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Thread: Pool Heating in Winter

  1. #1
    Junior Member
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    Pool Heating in Winter

    Hello, I'm looking for info/advice/cost from all of you regarding heating a pool in winter.

    First some specs:
    Fiberglass pool 10,000 gal
    Gas heater 400,000 btu
    Southern California desert
    Months to heat Nov-Feb [pool is heated by the sun all other months]
    Worst scenario ranges during the above months [usually Jan] Air Temp 70ºH/ 45ºL, Water Temp 50º
    Desired swim temp 80º
    Daily swim/therapy at 3pm

    Scenario 1:
    Have heater hold a constant ±70º, then bring the temp up to 80º at 3pm [lots of short cycles to hold, one longer cycle to boost the last 10º]

    Scenario 2:
    Let the temp drop everyday [no heater] to ±50º, then bring the temp up to 80º at 3pm [one massive cycle every day to raise all 30º]
    My spa [475 gal] heats at about 1º per minute, so using that as a rough guide 10,000 gal would take 10.5 hrs to raise 30º

    The Gas Company estimated ±20 Therms/day heating 5 hrs x 30 days = ±$600 month [ouch!!] at 10 hrs we are looking more at $1200 [double ouch!!]

    Not looking for solar or pool cover info.

    Look forward to hearing from you all

  2. #2
    Senior Member X-PertPool's Avatar
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    Re: Pool Heating in Winter

    That estimate seems pretty close if you don't have a solar cover on the pool. I've had customers tell me they spend more heating there pool than there house ( of course they don't use a solar cover though)
    -Kevin
    X-Pert Pool Service
    x-pertpool.com
    X-Pert Pool on Facebook and @XPertPoolServic on Twitter
    22,000 gal / 16' x 32' / Vinyl / Hayward s244t /Pentair SuperFlo 1 hp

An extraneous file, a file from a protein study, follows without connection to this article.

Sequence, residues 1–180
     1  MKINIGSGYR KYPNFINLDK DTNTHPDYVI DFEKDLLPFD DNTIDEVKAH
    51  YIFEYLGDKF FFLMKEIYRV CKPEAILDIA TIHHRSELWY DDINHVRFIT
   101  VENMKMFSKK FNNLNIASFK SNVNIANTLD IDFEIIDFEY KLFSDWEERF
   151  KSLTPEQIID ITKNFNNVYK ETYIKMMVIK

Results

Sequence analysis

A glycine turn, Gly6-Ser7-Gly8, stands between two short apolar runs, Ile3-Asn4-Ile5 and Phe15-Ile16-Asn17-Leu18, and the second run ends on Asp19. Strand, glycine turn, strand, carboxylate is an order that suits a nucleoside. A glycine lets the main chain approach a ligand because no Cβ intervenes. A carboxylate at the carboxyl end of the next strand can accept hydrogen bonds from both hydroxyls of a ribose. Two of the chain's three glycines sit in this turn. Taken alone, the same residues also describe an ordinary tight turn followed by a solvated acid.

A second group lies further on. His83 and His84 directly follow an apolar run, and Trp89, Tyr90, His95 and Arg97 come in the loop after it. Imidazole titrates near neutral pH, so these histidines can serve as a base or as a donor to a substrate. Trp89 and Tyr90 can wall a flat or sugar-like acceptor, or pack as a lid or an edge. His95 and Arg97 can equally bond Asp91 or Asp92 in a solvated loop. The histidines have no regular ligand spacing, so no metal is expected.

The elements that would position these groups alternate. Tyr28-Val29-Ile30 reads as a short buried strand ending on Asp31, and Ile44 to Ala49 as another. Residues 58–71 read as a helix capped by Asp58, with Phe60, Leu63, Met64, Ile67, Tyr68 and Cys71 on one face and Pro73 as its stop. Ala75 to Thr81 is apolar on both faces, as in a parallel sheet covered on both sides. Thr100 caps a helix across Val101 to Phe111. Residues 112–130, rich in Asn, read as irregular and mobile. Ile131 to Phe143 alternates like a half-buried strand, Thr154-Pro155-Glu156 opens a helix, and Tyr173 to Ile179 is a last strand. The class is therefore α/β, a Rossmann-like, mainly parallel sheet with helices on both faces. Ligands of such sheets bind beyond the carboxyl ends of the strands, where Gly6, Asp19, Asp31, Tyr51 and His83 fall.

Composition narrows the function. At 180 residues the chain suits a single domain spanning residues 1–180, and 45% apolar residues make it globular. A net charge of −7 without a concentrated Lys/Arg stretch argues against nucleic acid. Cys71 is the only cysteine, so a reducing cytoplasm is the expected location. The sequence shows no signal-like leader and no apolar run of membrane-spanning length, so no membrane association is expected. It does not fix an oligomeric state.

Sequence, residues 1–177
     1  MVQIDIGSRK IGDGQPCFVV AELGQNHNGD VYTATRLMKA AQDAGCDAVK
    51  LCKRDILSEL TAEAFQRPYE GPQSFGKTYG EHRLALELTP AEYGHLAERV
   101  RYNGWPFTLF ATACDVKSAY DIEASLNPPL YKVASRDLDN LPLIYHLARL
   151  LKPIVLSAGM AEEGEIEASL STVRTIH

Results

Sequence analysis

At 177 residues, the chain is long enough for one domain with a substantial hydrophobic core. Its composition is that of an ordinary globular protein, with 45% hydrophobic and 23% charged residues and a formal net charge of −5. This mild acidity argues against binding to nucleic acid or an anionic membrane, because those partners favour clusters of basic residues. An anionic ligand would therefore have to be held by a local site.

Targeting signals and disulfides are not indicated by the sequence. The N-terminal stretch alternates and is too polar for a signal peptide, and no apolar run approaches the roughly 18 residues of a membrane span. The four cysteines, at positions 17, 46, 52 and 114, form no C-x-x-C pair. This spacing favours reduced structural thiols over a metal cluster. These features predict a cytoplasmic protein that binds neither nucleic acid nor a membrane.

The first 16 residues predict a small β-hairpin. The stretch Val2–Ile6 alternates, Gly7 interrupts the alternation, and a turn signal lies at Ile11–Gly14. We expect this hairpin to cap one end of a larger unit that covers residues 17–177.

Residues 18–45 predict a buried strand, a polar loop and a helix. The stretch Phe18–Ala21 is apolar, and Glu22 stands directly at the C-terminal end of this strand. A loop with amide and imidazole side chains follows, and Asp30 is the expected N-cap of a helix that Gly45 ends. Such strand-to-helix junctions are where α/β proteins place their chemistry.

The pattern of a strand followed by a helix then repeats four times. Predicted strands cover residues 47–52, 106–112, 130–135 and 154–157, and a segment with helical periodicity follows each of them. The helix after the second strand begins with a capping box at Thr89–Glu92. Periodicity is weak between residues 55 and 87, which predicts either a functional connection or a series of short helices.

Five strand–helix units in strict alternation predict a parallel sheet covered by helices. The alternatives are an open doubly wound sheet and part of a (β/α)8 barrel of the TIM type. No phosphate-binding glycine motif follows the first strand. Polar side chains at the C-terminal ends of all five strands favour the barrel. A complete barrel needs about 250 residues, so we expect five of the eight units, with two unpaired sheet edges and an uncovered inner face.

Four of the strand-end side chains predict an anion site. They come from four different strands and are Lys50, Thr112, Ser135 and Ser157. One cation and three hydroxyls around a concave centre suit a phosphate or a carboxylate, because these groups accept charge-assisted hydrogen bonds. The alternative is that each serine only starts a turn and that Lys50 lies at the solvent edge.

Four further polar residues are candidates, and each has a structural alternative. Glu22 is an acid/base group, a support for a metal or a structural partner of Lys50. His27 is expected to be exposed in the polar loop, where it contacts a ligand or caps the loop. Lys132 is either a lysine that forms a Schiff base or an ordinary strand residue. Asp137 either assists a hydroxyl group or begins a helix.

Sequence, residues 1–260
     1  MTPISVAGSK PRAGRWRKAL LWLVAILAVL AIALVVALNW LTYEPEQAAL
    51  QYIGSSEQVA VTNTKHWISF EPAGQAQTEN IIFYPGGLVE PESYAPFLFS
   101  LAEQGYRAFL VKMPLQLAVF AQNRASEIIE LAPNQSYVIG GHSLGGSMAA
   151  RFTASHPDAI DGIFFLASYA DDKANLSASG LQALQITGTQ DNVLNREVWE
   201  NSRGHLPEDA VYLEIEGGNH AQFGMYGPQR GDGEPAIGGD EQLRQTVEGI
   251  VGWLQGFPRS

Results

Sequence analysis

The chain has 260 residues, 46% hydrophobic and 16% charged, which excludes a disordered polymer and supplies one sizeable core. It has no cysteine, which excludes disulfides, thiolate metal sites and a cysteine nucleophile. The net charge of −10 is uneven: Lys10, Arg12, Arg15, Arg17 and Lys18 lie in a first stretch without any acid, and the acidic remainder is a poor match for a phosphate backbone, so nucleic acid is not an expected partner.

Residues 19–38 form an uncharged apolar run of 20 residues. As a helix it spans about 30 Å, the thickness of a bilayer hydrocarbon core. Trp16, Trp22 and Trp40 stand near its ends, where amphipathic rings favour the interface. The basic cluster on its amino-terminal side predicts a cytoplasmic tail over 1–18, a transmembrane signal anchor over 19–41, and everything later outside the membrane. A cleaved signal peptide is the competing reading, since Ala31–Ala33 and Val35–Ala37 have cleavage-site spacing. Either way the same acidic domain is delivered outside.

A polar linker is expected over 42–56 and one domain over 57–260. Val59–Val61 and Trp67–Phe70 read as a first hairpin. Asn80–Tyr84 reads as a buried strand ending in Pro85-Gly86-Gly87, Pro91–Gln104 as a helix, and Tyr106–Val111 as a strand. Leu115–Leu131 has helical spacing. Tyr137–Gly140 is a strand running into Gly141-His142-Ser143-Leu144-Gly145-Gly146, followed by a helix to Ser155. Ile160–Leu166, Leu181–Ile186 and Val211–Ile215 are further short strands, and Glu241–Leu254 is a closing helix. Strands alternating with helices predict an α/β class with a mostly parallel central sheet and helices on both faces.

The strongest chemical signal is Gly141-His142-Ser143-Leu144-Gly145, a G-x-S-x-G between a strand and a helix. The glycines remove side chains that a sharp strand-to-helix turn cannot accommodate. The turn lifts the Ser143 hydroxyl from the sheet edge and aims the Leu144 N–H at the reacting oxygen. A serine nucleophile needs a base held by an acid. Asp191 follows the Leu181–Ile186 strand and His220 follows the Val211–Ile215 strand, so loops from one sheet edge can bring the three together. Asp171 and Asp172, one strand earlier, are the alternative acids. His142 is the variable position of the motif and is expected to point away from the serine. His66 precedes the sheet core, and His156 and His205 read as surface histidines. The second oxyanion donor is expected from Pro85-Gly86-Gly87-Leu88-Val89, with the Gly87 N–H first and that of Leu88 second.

3. #3
    Senior Member chiefwej's Avatar
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    Re: Pool Heating in Winter

    Without a solar cover you are fighting a losing battle. You will heat the pool each day and lose all the heat each night. With a cover you can retain most of the heat overnight. We are now running night time temps in the 50's and I have a solar heating system. My pool is now at 85, while my neighbor's which is very similar also with a solar system, is in the low 70's. The only difference is that I keep a cover on the pool at night.

    The cost of making up for the night time heat loss will make heating a pool for year-round use a very, very expensive proposition unless you keep it covered.
    chiefwej
    Tucson, AZ
    19k gallon Pebble Tec pool/spa,Pentair Intelliflo VS, 2 hp Super II pump (for spa), Aqua Rite T-15 SWG, Pro Grid 60 DE filter, Hayward H400 & Solar heating

  4. #4
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    Re: Pool Heating in Winter

    Guys, I asked for NO INFO ON SOLAR OR COVERS, these are not options!!

    Could some people please post pros/cons of scenarios 1 & 2

    Thanks

  5. #5
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    Re: Pool Heating in Winter

    There have been other threads and if I recall correctly maintaining a core constant temperature vs. swinging back and forth is usually more efficient. So your scenario 1 option *should probably* be cheaper.

    You may not want to hear this but both the other posters are still correct - it will cost you more without a cover You made it clear with your second post that this is not an option but can you blame us for trying to give you the best and most thorough advice?
    15,600 Gallon, 16' x 32' In-Ground Vinyl Pool
    Pentair VS 3050 pump, Quad DE 60 filter and SunTouch controller
    8 gallon Liquidator, Aquatherm EcoSun Solar Panels, 2 wheel ThePoolCleaner

  6. #6
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    Re: Pool Heating in Winter

    If it were me, id do senerio #1.

    I understand you not wanting solar heat. But, i cant figure out why you wont consider using a solar cover along with your gas heat. Man, without a solar cover, you are going to burn through gas like no tomorrow! Use of a solar cover will cut you gas bill by at least a third.
    14,000 gallon IG, Vinyl. Hayward 3/4 hp superpump, Penatair IC40 SWCG, Pentair automation, Hayward sand filter, Aqua Comfort heat pump, Hayward 400k Lo-Nox LP heater.

  7. #7
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    Re: Pool Heating in Winter

    Quote Originally Posted by bk406
    If it were me, id do senerio #1.